I have no experience in that segment of the industry, but as a retired naval officer I generally believe that most safety regulations are written in the blood of those who were lost to inadequate safety protections.
How do the working professional mariners here feel about changes such as this one? Will it just inprove the bottom line for the shareholders, or will it have a positive impact on oil exploration and job availability in the GoM? At what potential cost?
Blah blah blah. It’s only in decline if you are a socialist, which as I recall, you claim to be. With the corporate tax cuts businesses will be reinvesting here, in this country, and growing. Hiring workers. Paying higher wages.
I’m not sure what specific regs were rolled back but I can say that after the Deepwater Horizon disaster regs were quickly put in to place as a knee jerk reaction (which is how it usually happens in the Patch) - some of which were actually beneficial, some of which were ridiculous. Even the EPA got on the band wagon and created requirements that were either A) undoable B) offered absolutely no benefit or protection to the environment or C) both. It was shocking, especially where the EPA was concerned, how insipid and ridiculous some of those regs were, proving, once again, the propensity to create regulations just for the sake of “doing something” with out any kind of thought process behind them. Now, don’t get me wrong, there were some things that seriously needed to be addressed and were, but the majority of the regs/policies/etc that came on the back side of that disaster were ridiculous.
It was also a giant bummer because government entities that had, in the past, pretty much ignored the offshore drillers all of a sudden got involved in making policy for the offshore drillers, creating a slew of new requirements and etc that made no sense - so not only were we dealing with safety departments internally who were continuously trying to justify their existence, now we had government employees with literally NO experience in our industry doing the same.
So, while I understand how people just hate Trump and continuously find fault with every thing he does because he is a fairly offensive sort of a guy, I think, in this case at least, he’s moving in the right direction. Once you get past the bluster and crotch grabbing, the man moving in a pretty logical and beneficial (to the US at any rate) direction.
What exactly are they losing? The opportunity to pay crippling taxes? The opportunity to be 2nd class citizens in their own country? A country where an illegal border jumper has more rights than they do?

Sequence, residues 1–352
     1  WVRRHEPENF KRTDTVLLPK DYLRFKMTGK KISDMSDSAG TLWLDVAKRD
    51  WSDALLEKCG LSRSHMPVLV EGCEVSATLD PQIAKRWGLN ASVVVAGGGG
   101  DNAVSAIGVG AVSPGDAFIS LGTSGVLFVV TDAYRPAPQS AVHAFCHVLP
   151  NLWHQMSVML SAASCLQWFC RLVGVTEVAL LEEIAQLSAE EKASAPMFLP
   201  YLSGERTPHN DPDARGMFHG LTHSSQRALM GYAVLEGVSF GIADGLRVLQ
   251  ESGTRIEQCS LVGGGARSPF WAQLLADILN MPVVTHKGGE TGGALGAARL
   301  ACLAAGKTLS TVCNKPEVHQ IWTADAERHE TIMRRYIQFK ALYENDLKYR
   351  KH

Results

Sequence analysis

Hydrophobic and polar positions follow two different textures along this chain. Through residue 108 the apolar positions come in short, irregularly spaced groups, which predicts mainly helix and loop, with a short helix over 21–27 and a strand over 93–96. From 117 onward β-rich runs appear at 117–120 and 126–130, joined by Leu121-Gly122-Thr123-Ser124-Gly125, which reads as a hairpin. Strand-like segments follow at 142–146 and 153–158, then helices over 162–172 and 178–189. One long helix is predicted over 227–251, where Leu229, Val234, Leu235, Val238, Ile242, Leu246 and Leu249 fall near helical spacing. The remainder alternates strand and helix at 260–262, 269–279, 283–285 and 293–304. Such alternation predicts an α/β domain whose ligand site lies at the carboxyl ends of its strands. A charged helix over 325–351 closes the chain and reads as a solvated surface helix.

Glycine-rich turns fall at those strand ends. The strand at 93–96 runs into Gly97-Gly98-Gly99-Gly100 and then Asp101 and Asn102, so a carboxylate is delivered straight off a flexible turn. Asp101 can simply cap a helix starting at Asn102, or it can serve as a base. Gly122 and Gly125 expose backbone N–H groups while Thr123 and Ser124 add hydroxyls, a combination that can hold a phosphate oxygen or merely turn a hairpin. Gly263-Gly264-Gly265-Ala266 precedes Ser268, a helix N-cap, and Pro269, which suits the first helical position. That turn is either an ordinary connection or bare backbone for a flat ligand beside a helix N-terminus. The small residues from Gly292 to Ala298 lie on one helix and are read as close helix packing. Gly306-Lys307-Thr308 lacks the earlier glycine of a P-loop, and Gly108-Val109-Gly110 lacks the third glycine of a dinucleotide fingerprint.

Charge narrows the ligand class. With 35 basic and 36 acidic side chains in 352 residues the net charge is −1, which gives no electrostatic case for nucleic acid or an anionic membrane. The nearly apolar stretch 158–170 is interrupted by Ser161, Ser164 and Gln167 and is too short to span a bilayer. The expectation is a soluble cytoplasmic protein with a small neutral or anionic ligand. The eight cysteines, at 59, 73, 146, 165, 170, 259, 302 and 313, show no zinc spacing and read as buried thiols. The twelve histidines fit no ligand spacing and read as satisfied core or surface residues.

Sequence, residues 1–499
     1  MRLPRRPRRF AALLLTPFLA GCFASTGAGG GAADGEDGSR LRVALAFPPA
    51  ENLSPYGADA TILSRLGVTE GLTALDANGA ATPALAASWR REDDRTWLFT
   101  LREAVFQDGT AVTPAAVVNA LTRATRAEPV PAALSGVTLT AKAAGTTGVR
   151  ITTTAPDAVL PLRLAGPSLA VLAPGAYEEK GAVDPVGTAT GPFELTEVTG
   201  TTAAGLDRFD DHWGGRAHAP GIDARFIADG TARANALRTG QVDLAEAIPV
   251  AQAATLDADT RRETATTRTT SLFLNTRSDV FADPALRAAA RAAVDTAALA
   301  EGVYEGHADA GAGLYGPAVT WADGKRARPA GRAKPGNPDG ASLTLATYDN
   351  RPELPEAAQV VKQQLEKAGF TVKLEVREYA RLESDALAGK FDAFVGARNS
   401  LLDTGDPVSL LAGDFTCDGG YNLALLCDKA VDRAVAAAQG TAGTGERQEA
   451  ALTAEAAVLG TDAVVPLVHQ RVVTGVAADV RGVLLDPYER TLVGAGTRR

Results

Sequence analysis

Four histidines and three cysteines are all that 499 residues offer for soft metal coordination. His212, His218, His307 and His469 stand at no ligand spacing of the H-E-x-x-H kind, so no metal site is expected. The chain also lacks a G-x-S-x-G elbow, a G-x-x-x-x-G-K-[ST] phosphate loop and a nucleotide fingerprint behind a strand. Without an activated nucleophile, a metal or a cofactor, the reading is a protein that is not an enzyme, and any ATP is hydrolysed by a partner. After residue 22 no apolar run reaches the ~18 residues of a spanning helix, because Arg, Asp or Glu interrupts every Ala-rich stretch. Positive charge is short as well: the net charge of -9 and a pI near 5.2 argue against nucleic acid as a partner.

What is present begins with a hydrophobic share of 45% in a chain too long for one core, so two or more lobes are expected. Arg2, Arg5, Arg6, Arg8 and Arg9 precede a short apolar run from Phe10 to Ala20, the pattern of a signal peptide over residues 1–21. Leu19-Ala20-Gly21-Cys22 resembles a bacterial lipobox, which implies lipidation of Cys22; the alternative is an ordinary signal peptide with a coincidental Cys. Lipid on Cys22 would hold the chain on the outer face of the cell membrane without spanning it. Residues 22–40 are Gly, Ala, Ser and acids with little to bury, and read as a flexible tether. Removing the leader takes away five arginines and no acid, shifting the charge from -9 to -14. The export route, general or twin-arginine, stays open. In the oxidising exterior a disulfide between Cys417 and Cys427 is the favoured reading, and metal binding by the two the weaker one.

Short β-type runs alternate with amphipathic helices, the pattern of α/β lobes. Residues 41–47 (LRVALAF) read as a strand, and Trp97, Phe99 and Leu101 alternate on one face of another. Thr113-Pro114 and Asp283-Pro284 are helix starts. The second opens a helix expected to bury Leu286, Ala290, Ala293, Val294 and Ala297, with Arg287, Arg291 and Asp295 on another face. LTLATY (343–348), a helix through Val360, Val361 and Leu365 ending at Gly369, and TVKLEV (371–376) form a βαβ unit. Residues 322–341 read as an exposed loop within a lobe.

This country was created on and built by business and industry, not government.
I too am wondering exactly what is being rolled back but when they claim the savings to industry will be $3M a year leads me to believe all the major blowout preventer regulations enacted remain in force
“The Obama rules targeted blowout preventers, massive valve-like devices designed to prevent spills from wells on the ocean floor. The preventer used by BP failed. The rules required more frequent inspections of those and other devices and dictated that experts onshore monitor drilling of highly complex wells in real time.”
Inflated money savings claimed by these oil companies from dismissal of regulations [protections] is not the point, to them that’s not even a good tip for the executive dining room. What excites them is not having someone looking too closely at what they are doing.
Whenever there is a blanket dismissal of regulations rather than a study to eliminate duplicate or meaningless regulations you can bet there are paid lobbyists handing bribes out.
And/or writing laws themselves, like the current tax bill that just got enacted. And yet, you have people, like Bayrunner, supporting Trump and whining about “crippling taxes”. The irony is rich, and even more richer, considering that the people who support this, are the ones who are going to be affected the most. The southern states.
The really significant proposal is to merge the safety regulators (BOEMRE) back into the parent organization (BSEE). The elephant in the room that nobody wants to talk about is that BSEE is first and foremost a marketing organization – offshore oil leases are second only to the IRS as a source of government revenue. You don’t have to be an organizational genius to figure out what happens when safety reports to the marketeers. So the clear signal is that it doesn’t matter what the regulations say, we’re going back to the old MMS days when enforcement was lax to nonexistent.
Do I think that this proposal, if carried out, will suddenly cause reputable operators to start acting stupid? Not really. Do I worry that there is some marginal, financially stressed operator out there that is going to take advantage of this to cut corners and make all the mistakes BP and Transocean did in 2010? You betcha.
"I’m not sure what specific regs were rolled back but I can say that after the Deepwater Horizon disaster regs were quickly put in to place as a knee jerk reaction (which is how it usually happens in the Patch) "
“President Obama put the safety rules in place late last year, after six years of analysis following the 2010 BP Plc oil spill,”
Well, there were some that were put in to place after six years of analysis, and then there were the stack recertifications, the EPA regs, etc etc etc that were put in to place immediately. None of them helped, really.
On a good note, the operators are at least a little bit if not a lot less prone to act stupid and push push push. But that didn’t have much to do with new regs, and more to do with the actions of the DOJ.